Many, if not most people, who received their intellectual formation prior to the 1960s find Contemporary Art perplexing, if not totally incomprehensible. Modern painting and sculpture, by and large, do not appear beautiful. It is not just the old battle of Figurative vs. Abstract. Aesthetically speaking, valid and attractive works of art have been produced by both schools. Somehow there has occurred a violent break with the past. Present day painting and sculpture and even architecture have purposefully eschewed beauty as the legitimate end of art. They have become, simply said, ideologically driven. Ecologists, feminists, homosexuals, migrant workers, along with other special interest groups and minorities assault our imagination, not only in art galleries and the public square, but also on television, and in the illustrations of children’s textbooks supplied by virtually all our schools.


Those who support this new view of art are quite candid about it.  Franklin W. Robinson, former director of the prestigious Rhode Island School of Design, wrote in 1989 that the whole purpose of "modern art" is to foment a radical shift in our moral values: "It demands that we rethink our assumptions about every issue in life, from religion to politics, from love to sex, to death, and the afterlife."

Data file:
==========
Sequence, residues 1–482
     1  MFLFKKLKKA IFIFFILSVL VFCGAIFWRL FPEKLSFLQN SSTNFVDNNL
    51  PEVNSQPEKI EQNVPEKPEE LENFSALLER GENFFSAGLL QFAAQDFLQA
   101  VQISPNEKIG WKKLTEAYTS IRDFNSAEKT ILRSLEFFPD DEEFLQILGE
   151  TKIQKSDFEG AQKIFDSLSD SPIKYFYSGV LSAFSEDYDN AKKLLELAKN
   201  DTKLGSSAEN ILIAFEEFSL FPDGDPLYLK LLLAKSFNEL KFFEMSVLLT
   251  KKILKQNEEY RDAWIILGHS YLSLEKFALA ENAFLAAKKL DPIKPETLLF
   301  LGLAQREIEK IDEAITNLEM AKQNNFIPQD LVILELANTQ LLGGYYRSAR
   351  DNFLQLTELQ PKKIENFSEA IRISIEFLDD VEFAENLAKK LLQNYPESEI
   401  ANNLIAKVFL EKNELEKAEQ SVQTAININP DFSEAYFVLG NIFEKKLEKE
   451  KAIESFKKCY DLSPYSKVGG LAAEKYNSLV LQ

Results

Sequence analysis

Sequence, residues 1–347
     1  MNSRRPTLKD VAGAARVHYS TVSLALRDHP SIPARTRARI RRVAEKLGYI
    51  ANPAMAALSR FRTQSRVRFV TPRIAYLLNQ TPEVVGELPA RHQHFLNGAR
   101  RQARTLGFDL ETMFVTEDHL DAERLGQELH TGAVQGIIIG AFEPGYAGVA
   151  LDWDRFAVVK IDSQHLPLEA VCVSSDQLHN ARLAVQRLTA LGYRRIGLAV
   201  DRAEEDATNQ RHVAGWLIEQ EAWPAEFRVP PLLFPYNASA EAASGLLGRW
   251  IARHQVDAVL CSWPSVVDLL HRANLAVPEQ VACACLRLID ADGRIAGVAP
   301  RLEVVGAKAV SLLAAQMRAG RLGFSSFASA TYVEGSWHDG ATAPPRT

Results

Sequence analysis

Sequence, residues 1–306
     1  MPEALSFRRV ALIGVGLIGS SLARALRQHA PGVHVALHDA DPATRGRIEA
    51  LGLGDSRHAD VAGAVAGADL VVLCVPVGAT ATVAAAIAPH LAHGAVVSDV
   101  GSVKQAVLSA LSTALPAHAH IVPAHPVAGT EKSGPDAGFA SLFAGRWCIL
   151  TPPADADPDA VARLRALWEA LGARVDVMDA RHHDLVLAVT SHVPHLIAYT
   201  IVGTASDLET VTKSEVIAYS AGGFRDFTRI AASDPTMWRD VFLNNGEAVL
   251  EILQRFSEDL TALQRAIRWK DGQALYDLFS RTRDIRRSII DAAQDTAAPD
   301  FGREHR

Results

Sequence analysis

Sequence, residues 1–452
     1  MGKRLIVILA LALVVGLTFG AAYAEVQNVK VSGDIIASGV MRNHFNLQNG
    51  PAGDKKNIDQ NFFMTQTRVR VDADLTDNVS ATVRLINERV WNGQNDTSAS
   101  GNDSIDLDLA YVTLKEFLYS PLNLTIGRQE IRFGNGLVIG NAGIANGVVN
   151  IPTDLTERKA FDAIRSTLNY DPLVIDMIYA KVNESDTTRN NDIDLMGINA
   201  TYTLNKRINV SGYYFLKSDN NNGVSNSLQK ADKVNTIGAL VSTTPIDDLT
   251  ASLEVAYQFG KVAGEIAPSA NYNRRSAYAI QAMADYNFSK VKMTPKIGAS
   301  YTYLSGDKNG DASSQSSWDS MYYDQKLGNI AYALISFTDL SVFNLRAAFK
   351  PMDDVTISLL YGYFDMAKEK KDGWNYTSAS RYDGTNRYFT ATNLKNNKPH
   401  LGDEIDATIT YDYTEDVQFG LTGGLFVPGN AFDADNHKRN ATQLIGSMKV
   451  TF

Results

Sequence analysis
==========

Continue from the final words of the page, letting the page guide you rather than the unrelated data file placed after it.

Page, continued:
The Church and those of us who wish precisely to preserve the truths regarding religion, human sexuality, death, and the after-life, have neglected to foster the powerful role that art and the imagination play in our human and spiritual formation. Not so in the past, when since the earliest days, the Church knew that the complete human person must be addressed and acted upon that knowledge.


When one enters a church of the ancient Byzantine tradition, either Eastern Orthodox or Catholic, one is struck by the multiplicity and variety of icons or images. These icons, often hauntingly beautiful, have deep theological meaning. They are windows through which the imagination can be brought into the presence of those whom they represent in the heavenly court. Their placement in the church building is not arbitrary. The plan follows and reflects the Divine Liturgy of St. John Chrysostom. Christ, Pantocrator, lord of all, looks down from the gilded cupola and blesses the faithful. The Blessed Mother stands in the apse offering her prayers along with ours to her Son, and the saints stand guard in adoration on the altar screen, Iconostasis, placed before the sanctuary or Holy of Holies.


This imaginative tradition was nurtured in the West. Between the years 1140 and 1280 some 80 cathedrals were built, most within a hundred-mile radius of Paris, the then center of Catholic learning. These cathedrals were not built as architectural masterpieces to delight the eyes, nor were they built as graphic Bibles for the illiterate peasants. They were, as Irwin Panowsky points out in his seminal work Gothic Architecture and Scholasticism, the visual compendium of a complete medieval Catholic worldview. They were a sort of "Summa Theologiae" in glass and stone, filling the imagination just as the Summa of St. Thomas Aquinas filled the reasoning faculties of the mind.